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Toyota 4WD systems explained

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  • hicairahicaira Posts: 276
    Maybe you can help me here but I am wondering if the transfer case on my Land Cruiser (98) is working correctly.

    A couple of weeks back I was decending a very steep road (in the White Mtns., CA). Due to the grade, I wanted to use engine braking and so I stopped the car, shifted it to Neutral, shifted the Transfer case to "low", and then shifted the gear selector to first. Started off and the car seemed to still be in "high". So, I applied the brakes to a near stop and the TC finally kicked into "low". All fine and well I assume. As I was going down the hill we saw a herd of Bighorn sheep. Wanted to take some pictures so I came to a stop, put it in park and set the brake. The TC was left in "low" When we resumed the decent I again noticed that the car was in "high". Again, I applied the brakes to a near stop and the TC automatically shifted to "low" - just as before. Just to test, I did the whole thing again (lower where the road was less steep) and got the same results.

    So, why was the TC automatically shifting itself to "high". Neither of my prior 4wd Toyota's did this. When they were in "low" they stayed there. Does the fact that it is an auto tranny make it want to try to outsmart me? A dealer service advisor seemed flumoxed by my question so I have to wait for my regular guy to get back from vacation to ask again. In the meantime, you have any ideas?

    Thanks,

    HiC
  • toadmantoadman Posts: 39
    I read the informative explanations regarding the different Toyota 4WD systems and have a question regarding the Tacoma High 4 Selctor switch.

    I recently test drove a Tacoma Double Cab 4WD. The sales rep was new and it was just his 4th day on the job. I asked if there was any restrictions on engaging the High 4 slector. He said he wasn't sure. He then pushed the selector switch while we were on the test drive and at a speed of around 40 MPH on dry pavement. There was a slight jerking as if we had just hit the O/D button.

    Reading an earlier post it was mentioned that on dry pavement it should not be engaged over 50 MPH, if I remember correctly. Could this have damaged the transfer case or drive shaft or caused any other damage to the 4WD system? Seems kind of irresponsible to have engaged the High 4 Switch if the sales rep wasn't sure what might happen.
  • have a 92 toyota surf(4runner) 3L V6 auto 90000k (56000 mls)imported from japan. why were we told to reverse 6metres (20 feet) after changing back to 2wd?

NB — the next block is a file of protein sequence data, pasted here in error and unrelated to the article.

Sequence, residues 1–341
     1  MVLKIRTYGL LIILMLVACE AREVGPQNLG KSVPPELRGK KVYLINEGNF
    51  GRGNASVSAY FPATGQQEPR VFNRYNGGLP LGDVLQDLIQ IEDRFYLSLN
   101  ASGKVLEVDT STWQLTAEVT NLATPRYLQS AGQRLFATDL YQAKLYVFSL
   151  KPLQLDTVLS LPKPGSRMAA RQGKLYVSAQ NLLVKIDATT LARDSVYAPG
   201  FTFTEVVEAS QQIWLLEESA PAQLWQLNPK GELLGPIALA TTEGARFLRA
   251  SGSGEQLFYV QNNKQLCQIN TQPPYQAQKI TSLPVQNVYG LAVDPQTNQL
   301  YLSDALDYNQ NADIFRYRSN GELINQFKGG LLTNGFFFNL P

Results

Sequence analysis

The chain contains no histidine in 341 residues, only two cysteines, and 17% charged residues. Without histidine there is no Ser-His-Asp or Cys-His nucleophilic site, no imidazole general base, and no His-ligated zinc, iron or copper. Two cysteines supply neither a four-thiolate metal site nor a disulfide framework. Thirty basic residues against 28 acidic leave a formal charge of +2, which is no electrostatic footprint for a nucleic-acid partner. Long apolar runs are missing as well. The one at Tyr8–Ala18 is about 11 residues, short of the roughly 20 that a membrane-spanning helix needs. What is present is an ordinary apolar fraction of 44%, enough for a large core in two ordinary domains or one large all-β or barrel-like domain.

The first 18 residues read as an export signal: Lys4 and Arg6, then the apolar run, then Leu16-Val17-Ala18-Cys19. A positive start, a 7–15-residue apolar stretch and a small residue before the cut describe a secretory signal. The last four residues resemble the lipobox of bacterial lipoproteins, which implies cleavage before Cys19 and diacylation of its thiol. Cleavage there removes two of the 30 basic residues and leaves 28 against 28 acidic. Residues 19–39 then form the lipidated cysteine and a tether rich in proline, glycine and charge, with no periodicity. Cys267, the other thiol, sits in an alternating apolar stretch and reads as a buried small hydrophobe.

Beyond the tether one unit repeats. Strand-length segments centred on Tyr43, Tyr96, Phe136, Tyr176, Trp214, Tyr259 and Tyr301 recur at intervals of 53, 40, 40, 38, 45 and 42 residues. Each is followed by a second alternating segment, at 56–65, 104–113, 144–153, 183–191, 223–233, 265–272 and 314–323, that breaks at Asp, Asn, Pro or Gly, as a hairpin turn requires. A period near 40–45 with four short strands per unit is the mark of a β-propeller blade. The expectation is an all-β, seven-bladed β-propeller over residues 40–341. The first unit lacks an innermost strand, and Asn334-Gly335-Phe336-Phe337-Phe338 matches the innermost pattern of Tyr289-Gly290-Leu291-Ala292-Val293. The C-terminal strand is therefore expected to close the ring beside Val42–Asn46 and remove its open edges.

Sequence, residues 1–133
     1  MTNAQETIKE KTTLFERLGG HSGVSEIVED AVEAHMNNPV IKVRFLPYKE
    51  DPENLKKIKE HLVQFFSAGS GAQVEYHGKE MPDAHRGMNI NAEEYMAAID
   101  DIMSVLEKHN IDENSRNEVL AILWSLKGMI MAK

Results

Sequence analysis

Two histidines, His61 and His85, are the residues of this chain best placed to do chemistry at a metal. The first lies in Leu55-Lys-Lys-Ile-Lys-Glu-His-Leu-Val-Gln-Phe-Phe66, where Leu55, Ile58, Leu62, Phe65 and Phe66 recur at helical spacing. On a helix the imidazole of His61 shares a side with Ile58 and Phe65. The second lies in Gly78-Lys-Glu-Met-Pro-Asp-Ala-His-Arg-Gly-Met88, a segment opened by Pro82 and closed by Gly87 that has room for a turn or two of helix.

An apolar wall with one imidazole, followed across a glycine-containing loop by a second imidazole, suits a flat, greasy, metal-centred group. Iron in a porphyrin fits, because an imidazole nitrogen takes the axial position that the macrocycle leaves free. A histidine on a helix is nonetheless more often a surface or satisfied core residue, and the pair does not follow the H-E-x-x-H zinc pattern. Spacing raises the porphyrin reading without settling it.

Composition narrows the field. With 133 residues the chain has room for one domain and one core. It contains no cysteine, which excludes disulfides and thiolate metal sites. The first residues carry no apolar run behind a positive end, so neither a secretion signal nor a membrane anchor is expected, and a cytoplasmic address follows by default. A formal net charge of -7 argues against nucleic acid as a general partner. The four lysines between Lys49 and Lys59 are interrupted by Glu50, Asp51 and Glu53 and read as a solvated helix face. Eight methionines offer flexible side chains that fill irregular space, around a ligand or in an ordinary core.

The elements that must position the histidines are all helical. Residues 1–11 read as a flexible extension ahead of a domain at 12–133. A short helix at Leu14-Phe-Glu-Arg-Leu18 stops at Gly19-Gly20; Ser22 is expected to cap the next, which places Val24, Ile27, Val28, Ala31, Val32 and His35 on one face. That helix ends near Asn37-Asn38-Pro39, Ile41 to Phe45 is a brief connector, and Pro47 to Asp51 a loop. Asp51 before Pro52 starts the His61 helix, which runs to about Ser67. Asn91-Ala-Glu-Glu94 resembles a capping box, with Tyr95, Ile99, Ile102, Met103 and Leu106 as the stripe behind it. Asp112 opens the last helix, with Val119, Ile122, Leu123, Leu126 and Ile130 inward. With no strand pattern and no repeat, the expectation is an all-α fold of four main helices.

we had dreamed about having a surf and test drove about 10 over 18 months, but it wasn't untill we purchased one that the dealer told us about this rule/trick? are we the butt of a joke? Great site!
  • cliffy1cliffy1 Posts: 3,581
    I've been away from the boards for a few days so I'll answer each of these. First to HiC. I too am flummoxed over this one. I have absolutely no idea why it would revert to the high gear range under the conditions you describe. It does sound like it is by design because of how repeatable it is. I would have your local dealership look into this to make sure.

    Toadman. The selector will not engage until you drop below 50 (or 62 if it is a push button option) but once engaged, you can drive at whatever speed you wish. The danger of using it on dry pavement relates to turning corners and since you described no problems there, I'll assume it is OK. It sounds like you have an ill-informed salesman, but under the conditions you describe, I doubt there was any harm done.

    Obrien. Back in the olden days, you did have to reverse 4WD vehicles to disengage the system. The 92 Runner had an "Automatic Disconnecting Differential" which means you don't have to do this. Your salesman was probably "old school" and made an honest mistake.
  • drew_drew_ Posts: 3,382
    Regarding the reversing, it was to disengage the automatic locking hubs. Many mid-'90s SUVs with auto locking front hubs still required this for the hubs to be disengaged completely. I seem to recall that the '92 4Runner did have auto hubs though!


    Drew
    Host
    Vans, SUVs, and Aftermarket & Accessories message boards
  • cliffy1cliffy1 Posts: 3,581
    While the 92 did have what many called "auto locking hubs", it was actually an automatic disengaging differential which did not require one to back up to disengage. At the time, most of the domestic manufacturers has auto hubs that did require backing up. This was probably the source of his salesman's confusion and misinformation.
  • drew_drew_ Posts: 3,382
    Yeah, the Ford Explorer was an example of this. A friend of mine had a '96 Isuzu Rodeo which did recommend backing up for several feet to disengage the auto locking hubs though. He never did and the truck still ran fine when he sold it. :-)
  • hicairahicaira Posts: 276
    As cliffy said, ADD was standard on this truck. I recall that when I bought mine the brochure touted the ADD as a "new" improvement.

    If I read correclty though, Obrien's 4Runner (Surf) was not a US import, but an AUS/N.Z import? It is possible that the ADD was not offered, or only offered as an option in that region. Quick question: does it have a live front axle or IFS?

    Cliffy, I'll be driving my LC with one of the better service reps at my next service visit. Funky thing is that I have done some steep hill decents before and do not recall it auto shifting the TC. I'll let you know what I find out (in another month or so).

    HiC
  • the 4runner is ADD. what is IFS?
    Japan exports some 90 000 cars a year. at one stage New Zealand was importing 75% of them!!
    Check www.toyota.co.nz and look at "Signature Class" may also like to look at new cars/trucks as well -prices will amaze you guys.